Vacant schools: The risks of leaving buildings empty and unprotected

Vacant schools: The risks of leaving buildings empty and unprotected

Simon Wright, Ad Hoc Regional Manager, Midlands & South West, talks about the risks of leaving school buildings vacant whilst undergoing a change of use or pending sale, and how by protecting these buildings, property owners can save thousands of pounds.

Communities all over the UK are being left to look unsightly as we are increasingly seeing empty buildings being broken into, resulting in ugly smashed windows and graffiti-covered walls. When properties are left vacant they become targets for this sort of anti-social behaviour and with the number of empty properties in the UK only growing, unless tackled, this problem will continue to get worse.

Vacant buildings attract more than just vandals. With the scrap value of copper and brass being at a premium, asset strippers who are on the hunt flock to strip buildings of their lead and plumbing works. Beside the material damage and repair costs this results in, there are real risks to human safety. If wires are still live, those who may come into contact with them face electrocution which can be fatal. Meanwhile, the water supply to buildings, especially those which are commercial, often needs to be run regularly to avoid Legionella and other bacteria forming in the pipes which if come into contact with, can cause serious health issues. Older buildings are already naturally prone to damage because of their age, but when they are left vacant, it is even more important that they are maintained to ensure their safety. Property owners have a duty to ensure their properties are safe, even to intruders.

Vacant school buildings are some of the most frequently targeted buildings for anti-social behaviour. Partly due to the fact that they have a variety of access points and windows adjacent the perimeter of the building, criminals with the skills to break into a building will have little trouble doing so. This can be amplified when the building is situated in a rural area with acres of open land.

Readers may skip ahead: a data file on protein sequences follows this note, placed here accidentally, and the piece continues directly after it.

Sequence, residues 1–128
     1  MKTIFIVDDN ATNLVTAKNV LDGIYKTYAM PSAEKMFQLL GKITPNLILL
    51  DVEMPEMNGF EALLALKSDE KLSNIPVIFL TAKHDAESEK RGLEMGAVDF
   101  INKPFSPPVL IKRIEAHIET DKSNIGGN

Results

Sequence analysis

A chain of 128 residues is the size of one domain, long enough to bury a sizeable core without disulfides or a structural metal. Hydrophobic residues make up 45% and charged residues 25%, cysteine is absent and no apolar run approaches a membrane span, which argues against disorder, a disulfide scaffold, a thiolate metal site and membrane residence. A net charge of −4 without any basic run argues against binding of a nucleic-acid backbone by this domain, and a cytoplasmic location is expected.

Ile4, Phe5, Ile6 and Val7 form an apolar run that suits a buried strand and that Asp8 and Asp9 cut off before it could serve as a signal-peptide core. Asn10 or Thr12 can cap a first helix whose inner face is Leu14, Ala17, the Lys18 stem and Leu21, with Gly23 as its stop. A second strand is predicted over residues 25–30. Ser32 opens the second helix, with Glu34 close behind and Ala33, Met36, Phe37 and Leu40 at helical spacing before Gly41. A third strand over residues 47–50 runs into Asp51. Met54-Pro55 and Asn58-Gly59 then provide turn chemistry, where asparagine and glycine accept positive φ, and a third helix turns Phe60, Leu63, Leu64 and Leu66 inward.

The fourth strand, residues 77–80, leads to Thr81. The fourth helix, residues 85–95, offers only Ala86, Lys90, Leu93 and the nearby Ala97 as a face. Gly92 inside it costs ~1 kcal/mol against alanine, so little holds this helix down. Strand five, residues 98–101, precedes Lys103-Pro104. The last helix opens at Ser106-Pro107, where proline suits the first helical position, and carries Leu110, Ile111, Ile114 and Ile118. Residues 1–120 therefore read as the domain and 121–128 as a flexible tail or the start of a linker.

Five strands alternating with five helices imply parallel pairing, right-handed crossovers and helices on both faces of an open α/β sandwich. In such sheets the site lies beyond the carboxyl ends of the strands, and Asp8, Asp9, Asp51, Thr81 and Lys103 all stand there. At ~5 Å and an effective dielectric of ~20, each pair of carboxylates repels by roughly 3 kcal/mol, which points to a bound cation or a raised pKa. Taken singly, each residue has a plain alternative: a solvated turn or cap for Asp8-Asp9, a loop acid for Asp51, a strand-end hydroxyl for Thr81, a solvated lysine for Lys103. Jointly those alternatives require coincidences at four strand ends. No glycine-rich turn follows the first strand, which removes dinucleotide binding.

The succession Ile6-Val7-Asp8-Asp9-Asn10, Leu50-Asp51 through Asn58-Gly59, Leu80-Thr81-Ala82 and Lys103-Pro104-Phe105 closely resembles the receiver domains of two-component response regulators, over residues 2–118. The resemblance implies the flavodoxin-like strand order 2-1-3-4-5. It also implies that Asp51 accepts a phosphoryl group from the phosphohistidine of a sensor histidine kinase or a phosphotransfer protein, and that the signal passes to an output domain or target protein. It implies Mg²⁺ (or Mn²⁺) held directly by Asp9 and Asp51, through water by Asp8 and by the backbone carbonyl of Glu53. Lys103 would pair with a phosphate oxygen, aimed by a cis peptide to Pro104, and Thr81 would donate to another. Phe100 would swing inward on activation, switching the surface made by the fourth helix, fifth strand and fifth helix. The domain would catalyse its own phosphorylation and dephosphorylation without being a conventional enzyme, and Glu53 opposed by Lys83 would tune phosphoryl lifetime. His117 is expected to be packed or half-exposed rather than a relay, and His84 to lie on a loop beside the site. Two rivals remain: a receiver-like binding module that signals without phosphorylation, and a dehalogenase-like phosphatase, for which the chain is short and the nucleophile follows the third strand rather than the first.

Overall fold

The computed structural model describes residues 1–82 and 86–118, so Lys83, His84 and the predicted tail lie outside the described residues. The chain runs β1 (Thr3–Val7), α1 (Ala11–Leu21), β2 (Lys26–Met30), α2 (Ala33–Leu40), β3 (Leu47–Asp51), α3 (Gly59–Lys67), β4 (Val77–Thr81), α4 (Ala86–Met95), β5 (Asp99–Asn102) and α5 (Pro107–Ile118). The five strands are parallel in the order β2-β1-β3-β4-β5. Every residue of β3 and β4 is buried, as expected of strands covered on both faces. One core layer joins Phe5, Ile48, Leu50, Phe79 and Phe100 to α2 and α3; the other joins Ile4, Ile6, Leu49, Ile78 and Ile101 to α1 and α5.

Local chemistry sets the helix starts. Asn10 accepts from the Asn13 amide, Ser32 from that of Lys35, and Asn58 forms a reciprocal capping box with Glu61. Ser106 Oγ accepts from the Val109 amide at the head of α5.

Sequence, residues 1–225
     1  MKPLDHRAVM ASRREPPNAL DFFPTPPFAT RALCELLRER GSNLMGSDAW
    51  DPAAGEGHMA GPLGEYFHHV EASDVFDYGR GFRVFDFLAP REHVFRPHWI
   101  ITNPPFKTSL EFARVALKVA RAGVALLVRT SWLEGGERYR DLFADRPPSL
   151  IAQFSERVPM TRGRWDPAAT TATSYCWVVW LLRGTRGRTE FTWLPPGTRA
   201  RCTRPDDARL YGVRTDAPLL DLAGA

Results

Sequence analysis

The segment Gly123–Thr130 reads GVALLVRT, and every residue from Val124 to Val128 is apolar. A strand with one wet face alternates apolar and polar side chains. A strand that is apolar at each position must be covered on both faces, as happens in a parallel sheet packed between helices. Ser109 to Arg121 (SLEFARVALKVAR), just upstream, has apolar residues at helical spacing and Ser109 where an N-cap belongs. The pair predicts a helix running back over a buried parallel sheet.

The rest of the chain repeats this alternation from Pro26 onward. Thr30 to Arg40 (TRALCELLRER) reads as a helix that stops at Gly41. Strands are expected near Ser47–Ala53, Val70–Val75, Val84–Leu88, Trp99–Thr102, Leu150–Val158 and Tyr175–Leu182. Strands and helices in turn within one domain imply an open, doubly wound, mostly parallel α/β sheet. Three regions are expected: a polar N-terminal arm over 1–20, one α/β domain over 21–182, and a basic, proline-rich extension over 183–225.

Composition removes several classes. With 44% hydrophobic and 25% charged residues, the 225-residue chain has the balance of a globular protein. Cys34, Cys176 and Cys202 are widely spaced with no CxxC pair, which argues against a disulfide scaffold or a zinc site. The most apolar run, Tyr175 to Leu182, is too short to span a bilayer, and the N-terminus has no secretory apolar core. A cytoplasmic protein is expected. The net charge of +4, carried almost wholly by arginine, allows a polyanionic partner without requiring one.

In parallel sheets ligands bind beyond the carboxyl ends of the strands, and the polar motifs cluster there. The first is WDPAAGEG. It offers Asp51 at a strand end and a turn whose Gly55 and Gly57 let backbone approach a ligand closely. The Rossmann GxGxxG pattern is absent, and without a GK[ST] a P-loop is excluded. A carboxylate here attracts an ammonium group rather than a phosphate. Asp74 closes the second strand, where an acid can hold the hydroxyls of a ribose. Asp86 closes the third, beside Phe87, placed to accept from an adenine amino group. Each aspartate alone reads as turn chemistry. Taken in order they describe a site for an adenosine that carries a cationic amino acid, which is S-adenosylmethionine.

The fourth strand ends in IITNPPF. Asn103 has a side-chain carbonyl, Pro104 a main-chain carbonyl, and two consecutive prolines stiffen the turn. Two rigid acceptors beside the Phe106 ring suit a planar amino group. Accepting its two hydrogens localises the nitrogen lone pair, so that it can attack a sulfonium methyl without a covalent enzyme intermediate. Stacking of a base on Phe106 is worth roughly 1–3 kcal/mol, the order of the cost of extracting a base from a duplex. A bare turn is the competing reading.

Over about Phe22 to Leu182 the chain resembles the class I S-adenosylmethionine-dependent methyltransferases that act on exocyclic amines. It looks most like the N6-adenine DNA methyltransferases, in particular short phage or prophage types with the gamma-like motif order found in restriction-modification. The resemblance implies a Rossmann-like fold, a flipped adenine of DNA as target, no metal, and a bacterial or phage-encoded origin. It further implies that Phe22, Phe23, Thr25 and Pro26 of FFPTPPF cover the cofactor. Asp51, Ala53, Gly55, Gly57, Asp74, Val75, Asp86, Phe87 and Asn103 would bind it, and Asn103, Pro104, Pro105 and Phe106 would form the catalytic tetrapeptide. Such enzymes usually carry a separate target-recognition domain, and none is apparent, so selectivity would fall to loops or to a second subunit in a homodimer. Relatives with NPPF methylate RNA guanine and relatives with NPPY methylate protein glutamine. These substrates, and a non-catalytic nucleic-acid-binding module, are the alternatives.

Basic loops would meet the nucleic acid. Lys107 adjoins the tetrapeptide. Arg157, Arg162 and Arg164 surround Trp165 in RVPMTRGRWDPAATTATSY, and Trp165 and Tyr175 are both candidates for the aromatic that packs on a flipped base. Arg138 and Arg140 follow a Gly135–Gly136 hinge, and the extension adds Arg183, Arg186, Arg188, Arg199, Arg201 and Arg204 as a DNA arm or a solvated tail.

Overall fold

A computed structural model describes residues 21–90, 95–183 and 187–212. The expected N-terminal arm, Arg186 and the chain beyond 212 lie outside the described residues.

In 2015, a school owned by Birmingham City Council closed its doors leaving the building potentially vulnerable to crime. However, the council was proactive in acting quickly to secure the property by choosing Ad Hoc Property Management for its property protection services. For the last three years, the property has been occupied by property guardians who have taken up temporary residence in the building.

Property Guardianship is an effective and affordable way to protect vacant property. By placing carefully-vetted individuals into empty buildings, property owners can rest assured that their property will be secure and maintained. The individuals who reside in the buildings do so on a temporary basis while the property awaits sale or redevelopment, which in some cases can take years, and in exchange for paying a license fee to live there which is below the market value for traditional assured shorthold tenancy (AST), they also oversee the property.